Generational attitudes about technology and money

Technology is the biggest driver of the generational gap, Dorsey has found. “Different generations have different definitions of what’s normal when it comes to technology, and that influences everything,” he said, including communication preferences. Phone, text, email, Snapchat or face-to-face conversations may be the optimal mode of communication for one generation and not for others.  

Although millennials are perceived as being tech experts, Dorsey said, that assessment somewhat misses the mark. 

“There’s this perception that millennials are tech-savvy,” Dorsey said. “Our research shows that they’re not tech-savvy, they’re actually tech-dependent. That has massive implications for the workforce.”

Dorsey predicts some Gen Z members soon will leapfrog millennials in organizational hierarchies. He recognizes that’s a controversial position but says traits such as a drive to put themselves in a strong position financially and avoid relying on the government to provide for their retirement “are creating this perfect storm for them to enter adulthood on a better footing.”  

In general, labels that apply to the different generations do not amount to boxes that contain every member of a given generation, Dorsey said. Rather, those labels should be considered clues on how to most effectively connect with and influence people. When reframing the generational dynamic in this way, he said, “we get a lot more buy-in.”

Leadership can’t be boilerplate

The insight from Dorsey’s presentation, and from breakout sessions that will be part of the Financial Leadership track at the Annual Conference, is increasingly vital in the current healthcare environment, said Todd Nelson, FHFMA, director of partner relationships and chief partnership executive for HFMA. Collaboration among people in positions that haven’t traditionally worked together is becoming more essential all the time.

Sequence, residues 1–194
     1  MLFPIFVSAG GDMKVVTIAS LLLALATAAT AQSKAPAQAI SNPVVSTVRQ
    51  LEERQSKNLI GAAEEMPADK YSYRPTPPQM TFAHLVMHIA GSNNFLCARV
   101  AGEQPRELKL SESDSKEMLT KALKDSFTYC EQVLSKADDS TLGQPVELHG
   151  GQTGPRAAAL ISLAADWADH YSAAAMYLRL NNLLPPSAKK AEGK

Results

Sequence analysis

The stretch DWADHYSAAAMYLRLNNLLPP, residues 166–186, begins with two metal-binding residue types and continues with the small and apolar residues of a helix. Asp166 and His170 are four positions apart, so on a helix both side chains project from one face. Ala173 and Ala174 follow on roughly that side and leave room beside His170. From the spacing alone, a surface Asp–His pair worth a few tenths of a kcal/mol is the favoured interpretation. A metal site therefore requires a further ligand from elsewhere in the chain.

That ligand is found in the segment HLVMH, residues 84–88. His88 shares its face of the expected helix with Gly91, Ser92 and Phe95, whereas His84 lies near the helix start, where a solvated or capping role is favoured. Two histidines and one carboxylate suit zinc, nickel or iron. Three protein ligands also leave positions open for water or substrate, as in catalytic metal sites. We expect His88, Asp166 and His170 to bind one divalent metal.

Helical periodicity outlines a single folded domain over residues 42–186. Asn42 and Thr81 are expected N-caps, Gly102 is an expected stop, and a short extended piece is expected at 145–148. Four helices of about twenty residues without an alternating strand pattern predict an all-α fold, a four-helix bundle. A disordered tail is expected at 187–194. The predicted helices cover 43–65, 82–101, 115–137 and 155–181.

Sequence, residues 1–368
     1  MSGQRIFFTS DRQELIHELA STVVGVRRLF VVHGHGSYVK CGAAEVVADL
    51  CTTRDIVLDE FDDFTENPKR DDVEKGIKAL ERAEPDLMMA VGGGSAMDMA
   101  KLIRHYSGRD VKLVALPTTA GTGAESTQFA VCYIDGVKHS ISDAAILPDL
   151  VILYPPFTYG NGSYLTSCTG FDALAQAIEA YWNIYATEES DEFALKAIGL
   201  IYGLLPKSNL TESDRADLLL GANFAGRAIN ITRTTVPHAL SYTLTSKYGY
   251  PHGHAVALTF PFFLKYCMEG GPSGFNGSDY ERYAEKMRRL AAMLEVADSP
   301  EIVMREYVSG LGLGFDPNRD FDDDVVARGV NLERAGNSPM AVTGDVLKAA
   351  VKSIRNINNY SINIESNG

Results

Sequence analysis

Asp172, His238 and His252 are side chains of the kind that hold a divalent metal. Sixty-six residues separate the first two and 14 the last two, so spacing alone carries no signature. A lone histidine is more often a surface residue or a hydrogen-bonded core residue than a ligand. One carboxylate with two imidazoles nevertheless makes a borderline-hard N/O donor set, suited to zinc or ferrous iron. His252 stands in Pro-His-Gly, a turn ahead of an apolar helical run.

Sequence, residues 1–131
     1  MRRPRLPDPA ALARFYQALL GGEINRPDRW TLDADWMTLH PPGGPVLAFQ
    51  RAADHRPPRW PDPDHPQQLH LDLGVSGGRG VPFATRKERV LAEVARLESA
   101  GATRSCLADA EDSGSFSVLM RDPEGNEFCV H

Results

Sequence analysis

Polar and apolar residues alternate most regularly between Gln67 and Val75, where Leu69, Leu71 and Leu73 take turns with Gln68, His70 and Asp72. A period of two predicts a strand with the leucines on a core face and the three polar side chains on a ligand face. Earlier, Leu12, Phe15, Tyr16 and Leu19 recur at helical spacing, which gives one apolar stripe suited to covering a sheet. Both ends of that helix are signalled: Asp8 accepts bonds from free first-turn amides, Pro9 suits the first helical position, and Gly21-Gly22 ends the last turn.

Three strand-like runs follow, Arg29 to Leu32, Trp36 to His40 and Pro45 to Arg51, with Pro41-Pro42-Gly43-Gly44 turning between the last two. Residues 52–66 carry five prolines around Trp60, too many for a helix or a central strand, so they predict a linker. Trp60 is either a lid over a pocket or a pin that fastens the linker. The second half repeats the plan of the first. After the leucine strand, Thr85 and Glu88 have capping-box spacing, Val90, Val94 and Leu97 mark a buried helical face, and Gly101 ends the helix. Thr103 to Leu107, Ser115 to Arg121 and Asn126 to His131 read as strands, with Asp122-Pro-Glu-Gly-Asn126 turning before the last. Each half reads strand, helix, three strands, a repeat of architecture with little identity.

“Anytime we can hear a presentation that helps us look at people on an individual basis and helps us to adjust our perspective and our lens to motivate them, to continue to listen to them, to find out what’s important — that, to me, is the key to developing the workforce,” Nelson said. “It’s thinking about what each of those people value and finding common ground.” 

3 things about Jason Dorsey

1. He has been investigating and presenting on generational dynamics for most of his adult life. He published his first book in 1997, at age 18, and was interviewed by Morley Safer for a segment about millennials on 60 Minutes in 2007.

2. His company, the Center for Generational Kinetics, uses research and data to highlight truths and filter out myths about generations, allowing leaders to more effectively lead all members of their teams.

3. He will have plenty to share in the closing keynote session at HFMA’s 2020 Annual Conference. “Particularly at the intersection of healthcare and finance, there are a lot of very specific things we’ve uncovered that really help leaders in this space, particularly around millennials and Gen Z and leading in a multigenerational workforce,” he said. “That’s what I’m most excited about.”

Note: The early-bird registration deadline for HFMA’s 2020 Annual Conference is March 5.